‘Banned Books Week’ Activities Include Panel Discussion, Read-Out
SUNY Plattsburgh’s Institute for Ethics in Public Life, along with the Redcay Honors Center and Feinberg Library, will kick off “Banned Books Week” with the panel discussion, “Book Bans in School and Public Libraries,” Monday, Oct. 2 at 5:30 p.m. in the Alumni Conference Room, Angell College Center.
Daniel Lake, associate professor and chair of political science and director of the institute said how in recent years “there has been a significant increase in efforts to ban books from school libraries and public libraries across the United States.”
“The bans, and attempted bans, are based on the argument that the books contain ideas harmful to young people and/or society at large,” he said. “The books at issue tend to deal with issues of race, gender, or sexuality, and are criticized as examples of ‘woke’ culture or because they are blamed for young people expressing their sexuality in ways that some find unacceptable.”
Members of the panel will critically examine this wave of book bans and consider the impact of banning these books on both the young people who use these libraries and on the libraries themselves.
Panel members are:
- Joshua Beatty, interim director of Feinberg Library
- Ben Carman, librarian at the Plattsburgh Public Library
- Preeti Samudra, assistant professor, psychology
- Yong Yu, associate professor, education
Lake will moderate.
In addition to the panel discussion, the library will host its annual “Banned Books Read-Out” Wednesday, Oct. 4 from noon to 3 p.m. in the second-floor stairway of Feinberg.
Readers include students from the Literature Club and Sigma Tau Delta, the English honor society. Members of the public are invited to participate by reading a short selection from a banned or challenged book.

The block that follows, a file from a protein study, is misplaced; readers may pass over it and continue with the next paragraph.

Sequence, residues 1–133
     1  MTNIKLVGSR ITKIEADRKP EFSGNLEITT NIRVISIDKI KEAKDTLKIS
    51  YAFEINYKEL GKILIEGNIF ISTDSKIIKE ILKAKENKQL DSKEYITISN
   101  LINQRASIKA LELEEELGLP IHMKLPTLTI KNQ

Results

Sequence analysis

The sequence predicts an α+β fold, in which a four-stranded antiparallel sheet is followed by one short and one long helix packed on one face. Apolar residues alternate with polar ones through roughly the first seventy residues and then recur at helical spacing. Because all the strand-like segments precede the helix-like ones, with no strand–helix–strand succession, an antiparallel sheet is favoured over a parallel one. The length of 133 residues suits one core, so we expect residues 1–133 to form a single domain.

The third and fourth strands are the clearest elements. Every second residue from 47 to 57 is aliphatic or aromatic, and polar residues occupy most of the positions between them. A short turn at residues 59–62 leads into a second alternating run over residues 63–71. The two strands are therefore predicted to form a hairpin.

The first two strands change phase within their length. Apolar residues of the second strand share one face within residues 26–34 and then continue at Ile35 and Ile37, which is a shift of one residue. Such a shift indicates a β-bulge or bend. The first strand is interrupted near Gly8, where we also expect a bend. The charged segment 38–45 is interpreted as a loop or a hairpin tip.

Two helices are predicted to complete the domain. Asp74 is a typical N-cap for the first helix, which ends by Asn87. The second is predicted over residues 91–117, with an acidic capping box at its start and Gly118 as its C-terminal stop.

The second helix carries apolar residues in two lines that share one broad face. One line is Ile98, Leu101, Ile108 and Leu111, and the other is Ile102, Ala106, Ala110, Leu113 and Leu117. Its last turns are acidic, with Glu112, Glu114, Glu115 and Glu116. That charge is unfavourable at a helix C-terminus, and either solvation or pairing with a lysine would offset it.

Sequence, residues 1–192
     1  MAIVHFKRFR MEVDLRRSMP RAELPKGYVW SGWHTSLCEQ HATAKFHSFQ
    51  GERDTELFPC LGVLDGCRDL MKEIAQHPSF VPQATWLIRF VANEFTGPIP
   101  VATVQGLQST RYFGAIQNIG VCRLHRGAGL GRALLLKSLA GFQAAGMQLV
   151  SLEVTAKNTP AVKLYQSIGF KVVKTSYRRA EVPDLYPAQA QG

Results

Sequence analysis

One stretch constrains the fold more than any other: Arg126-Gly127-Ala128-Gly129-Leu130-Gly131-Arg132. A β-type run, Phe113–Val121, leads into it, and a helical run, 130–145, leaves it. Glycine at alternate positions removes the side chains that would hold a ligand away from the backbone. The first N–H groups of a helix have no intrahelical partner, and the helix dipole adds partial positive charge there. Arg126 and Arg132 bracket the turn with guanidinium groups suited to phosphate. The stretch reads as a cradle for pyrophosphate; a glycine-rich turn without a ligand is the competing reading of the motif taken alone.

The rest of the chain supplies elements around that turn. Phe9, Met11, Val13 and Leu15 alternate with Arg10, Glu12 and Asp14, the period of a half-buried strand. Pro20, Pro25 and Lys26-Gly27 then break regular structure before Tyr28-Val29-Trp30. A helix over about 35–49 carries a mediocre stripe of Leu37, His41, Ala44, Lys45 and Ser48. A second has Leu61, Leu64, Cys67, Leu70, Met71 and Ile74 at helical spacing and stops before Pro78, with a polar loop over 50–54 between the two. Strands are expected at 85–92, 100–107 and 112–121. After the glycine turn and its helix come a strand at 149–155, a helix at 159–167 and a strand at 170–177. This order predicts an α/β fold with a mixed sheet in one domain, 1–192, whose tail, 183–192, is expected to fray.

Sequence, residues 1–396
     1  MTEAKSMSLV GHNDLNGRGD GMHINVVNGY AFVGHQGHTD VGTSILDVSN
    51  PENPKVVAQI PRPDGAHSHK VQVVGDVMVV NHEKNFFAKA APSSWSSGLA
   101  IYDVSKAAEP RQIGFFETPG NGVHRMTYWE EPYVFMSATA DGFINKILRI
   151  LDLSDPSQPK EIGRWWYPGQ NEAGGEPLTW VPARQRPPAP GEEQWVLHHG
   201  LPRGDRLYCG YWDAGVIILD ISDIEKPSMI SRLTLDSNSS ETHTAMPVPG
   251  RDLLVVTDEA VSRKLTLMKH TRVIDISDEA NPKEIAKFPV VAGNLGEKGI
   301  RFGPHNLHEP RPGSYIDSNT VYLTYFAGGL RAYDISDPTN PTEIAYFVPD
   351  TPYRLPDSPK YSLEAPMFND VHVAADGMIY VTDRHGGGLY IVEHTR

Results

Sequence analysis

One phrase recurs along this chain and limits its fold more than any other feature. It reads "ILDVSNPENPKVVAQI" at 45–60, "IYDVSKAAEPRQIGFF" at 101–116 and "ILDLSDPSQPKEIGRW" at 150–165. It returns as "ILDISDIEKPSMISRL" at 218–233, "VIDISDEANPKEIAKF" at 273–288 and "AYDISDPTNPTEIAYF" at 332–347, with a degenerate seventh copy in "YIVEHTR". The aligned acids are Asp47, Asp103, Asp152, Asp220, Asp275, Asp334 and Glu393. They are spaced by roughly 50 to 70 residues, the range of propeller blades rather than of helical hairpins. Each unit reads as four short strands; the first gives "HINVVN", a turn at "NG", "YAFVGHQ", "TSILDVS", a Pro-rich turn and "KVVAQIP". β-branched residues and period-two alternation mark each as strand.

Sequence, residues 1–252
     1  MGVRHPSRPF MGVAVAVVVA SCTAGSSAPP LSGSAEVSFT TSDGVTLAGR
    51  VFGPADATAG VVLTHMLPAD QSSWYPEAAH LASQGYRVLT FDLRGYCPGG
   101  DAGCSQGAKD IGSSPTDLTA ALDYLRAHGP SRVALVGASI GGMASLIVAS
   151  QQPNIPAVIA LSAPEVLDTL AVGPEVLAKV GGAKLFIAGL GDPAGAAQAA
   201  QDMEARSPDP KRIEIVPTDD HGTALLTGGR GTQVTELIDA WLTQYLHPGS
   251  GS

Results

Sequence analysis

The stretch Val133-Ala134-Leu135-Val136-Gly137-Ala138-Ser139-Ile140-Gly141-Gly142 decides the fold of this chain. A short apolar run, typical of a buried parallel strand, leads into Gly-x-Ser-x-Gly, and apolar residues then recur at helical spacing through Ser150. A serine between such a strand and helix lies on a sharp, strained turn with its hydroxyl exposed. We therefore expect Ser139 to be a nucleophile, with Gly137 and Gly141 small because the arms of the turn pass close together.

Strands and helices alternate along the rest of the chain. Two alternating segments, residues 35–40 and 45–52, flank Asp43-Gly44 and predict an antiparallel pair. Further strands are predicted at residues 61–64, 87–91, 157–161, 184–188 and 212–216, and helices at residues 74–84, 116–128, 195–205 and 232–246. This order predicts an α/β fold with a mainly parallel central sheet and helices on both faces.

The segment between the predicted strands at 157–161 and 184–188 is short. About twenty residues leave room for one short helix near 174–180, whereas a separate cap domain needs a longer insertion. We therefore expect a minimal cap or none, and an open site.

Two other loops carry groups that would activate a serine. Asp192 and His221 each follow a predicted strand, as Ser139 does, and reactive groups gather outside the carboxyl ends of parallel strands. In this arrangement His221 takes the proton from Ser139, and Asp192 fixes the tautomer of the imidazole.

The American Library Association’s top 13 most challenged books of 2022 are:
- “Gender Queer: A Memoir,” by Maia Kobabe
- “All Boys aren’t Blue,” by George M. Johnson
- “The Bluest Eye,” by Toni Morrison
- “Flamer,” by Mike Curato
- “Looking for Alaska,” by John Green
- “The Perks of Being a Wallflower,” by Stephen Chbosky
- “Lawn Boy,” By Jonathan Evison
- “The Absolutely True Diary of a Part-time Indian,” by Sherman Alexie
- “Out of Darkness,” by Ashley Hope Perez
- “A Court of Mist and Fury,” by Sarah J. Maas
- “Crank,” by Ellen Hopkins
- “Me and Earl and the Dying Girl,” by Jesse Andrews
- “This Book is Gay,” by Juno Dawson
A comprehensive list of books that have been banned or challenged in the United States can be found here and are available to borrow from the featured books shelf on the second floor of Feinberg Library.
For more information on the panel discussion, , “Book Bans in School and Public Libraries,” contact Lake at 518-564-5830 or email [email protected]. For more information on “Banned Books Read-Out,” contact Beatty at 518-564-5200 or email [email protected].
— Story, Photos by Associate Director of Communications Gerianne Downs